A Shadow Dragon is a rare species of planar dragon from Dungeons & Dragons that has a connection with the Plane of Shadow, either being a native to the plane or a dragon that has been corrupted by the plane’s dark magic.[1] Dragons that fall in the latter category usually become corrupted after entering a portal that leads to the The Plane of Shadow where they are stranded, these portals being known to spawn in places a dragon might make its lair.[1] Once they are corrupted, they cannot revert back even if they return to the Material Plane.


Shadow Dragons are distinct for their dark lavender scales and translucent wings, the darkness of their bodies making them appear like a "foreboding mass of shadows".[2] They have two head fins that run down their serpentine neck as well as a blue tail fin with black spines that serves as a swimming fin.[3] Corrupted dragons look similar but retain their basic structure, a Shadow Red Dragon for example would still have its swept back horns, frill, and singular upper fin.[1]

Shadow Dragons have purple eyes and have an average length of 20-30ft.[4]



Shadow Dragons are noted to be cunning, manipulative,[2] and exceptionally greedy creatures.[3]

Corrupted dragons retain their personalities, although the longer they stay in the Plane of Shadow, the more they will be influenced by the evil nature of the plane. The Dragons may or may not want to reside in the Plane of Shadow, either embracing its dark clutches or wanting to return to their home plane. Those that do want to return to their home plane may want to return in order to spread the evil of the Plane of Shadow, or may just want to return since it is easier to obtain power and treasure back from where they came from.[1]


Shadow Dragons will eat anything, although favor carrion. They will often let their slain prey rot out in the open until it is properly fouled. [5]


Shadow Dragons prefer to attack their foes from hiding, being able to magically blend in with any dark environment as well as teleport in between shadows, all on top of already being naturally stealthy creatures. They also utilize illusion powers to confuse their foes.[2]


Shadow Dragons are by and large solitary creatures, the chance of seeing two Shadow Dragons mating being an extremely rare occurrence,[4] although some Shadow Dragons may live in clutches of 2-5. Adult and older Shadow Dragons may have families of up to 5 children.[2]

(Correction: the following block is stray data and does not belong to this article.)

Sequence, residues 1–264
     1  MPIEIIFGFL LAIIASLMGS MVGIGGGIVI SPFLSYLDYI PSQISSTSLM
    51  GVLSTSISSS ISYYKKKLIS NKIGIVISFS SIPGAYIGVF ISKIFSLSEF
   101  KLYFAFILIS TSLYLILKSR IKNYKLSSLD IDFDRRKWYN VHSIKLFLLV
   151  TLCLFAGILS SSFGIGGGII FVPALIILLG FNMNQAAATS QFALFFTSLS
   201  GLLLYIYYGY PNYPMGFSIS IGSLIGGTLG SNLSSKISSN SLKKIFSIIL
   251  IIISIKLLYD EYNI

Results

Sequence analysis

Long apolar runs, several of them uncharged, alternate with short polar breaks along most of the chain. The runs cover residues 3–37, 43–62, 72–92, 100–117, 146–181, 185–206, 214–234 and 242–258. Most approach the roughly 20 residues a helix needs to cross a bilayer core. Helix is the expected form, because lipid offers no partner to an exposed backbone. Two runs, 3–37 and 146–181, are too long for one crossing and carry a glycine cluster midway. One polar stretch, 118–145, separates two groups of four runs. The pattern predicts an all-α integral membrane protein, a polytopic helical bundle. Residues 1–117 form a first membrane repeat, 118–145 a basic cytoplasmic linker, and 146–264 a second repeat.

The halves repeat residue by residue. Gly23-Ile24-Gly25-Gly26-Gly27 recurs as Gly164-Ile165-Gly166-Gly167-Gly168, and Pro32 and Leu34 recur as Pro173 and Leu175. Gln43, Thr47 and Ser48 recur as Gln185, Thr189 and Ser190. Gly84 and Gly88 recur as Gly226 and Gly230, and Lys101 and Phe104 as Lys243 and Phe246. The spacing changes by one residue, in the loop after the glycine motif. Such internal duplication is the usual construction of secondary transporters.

Shadow Dragons tend to enslave lesser races, particularly the Shadar-Kai, who then serve as the dragon’s servants and soldiers.[3] Shadow Dragon will also lurk near communities of other races "that can alert them to potential foes or victims."[5]

Lairs and Terrains

Shadow Dragons hate being in the light, but hate being in complete darkness as well, thus Shadow Dragons make their lairs where shadowy light is present for most of the day on the Material Plane, preferring ancient ruins. In the Plane of Shadow, they live in dense forests, castles, and labyrinth caves.[5]


Shadow Dragons prefer treasure that is tied with shadows.[4] They also collect gems that are opaque and have a “dark hue” as well as black stones.[5]

Powers and Abilities

Shadow Dragons can breath a torrent of shadows that drain the energy out of their targets. They can also manipulate the shadows around them to blend in with it or summon individual shadows that can attack their foes. The dragons have several spell-like abilities that enable them to conjure illusory duplicates of themselves, become undetectable by divination magic, and teleport vast distances. They are resistant to magic, and hold immunity to energy draining effects.[2]

Corrupted Dragons possess a shadow breath as well, which has the additional effect of animating the shadows of the foes that die from the attack which become its servants.[1]



  1. 1.0 1.1 1.2 1.3 1.4 Mike Mearls, Jeremy Crawford, Christopher Perkins (2014) Monster Manual 5th Edition pg.84-85 Wizards of the Coast
  2. 2.0 2.1 2.2 2.3 2.4 Andy Collins, Skip Williams, James Wyatt (2003) Draconomicon: Book of Dragons pg.191-192 Wizards of the Coast
  3. 3.0 3.1 3.2 Bruce R. Cordell, Ari Marmell, Robert J. Schwalb (2008) Draconomicon: Chromatic Dragons pg.199 Wizards of the Coast
  4. 4.0 4.1 4.2 Gary Gygax (1983) Monster Manual II pg.58-59 TSR Inc.
  5. 5.0 5.1 5.2 5.3 Grant Boucher, William W. Conners, Steve Gilbert, Bruce Nesmith, Chris Mortika, Skip Williams (1990) Monstrous Compendium: Greyhawk Appendix TSR Inc.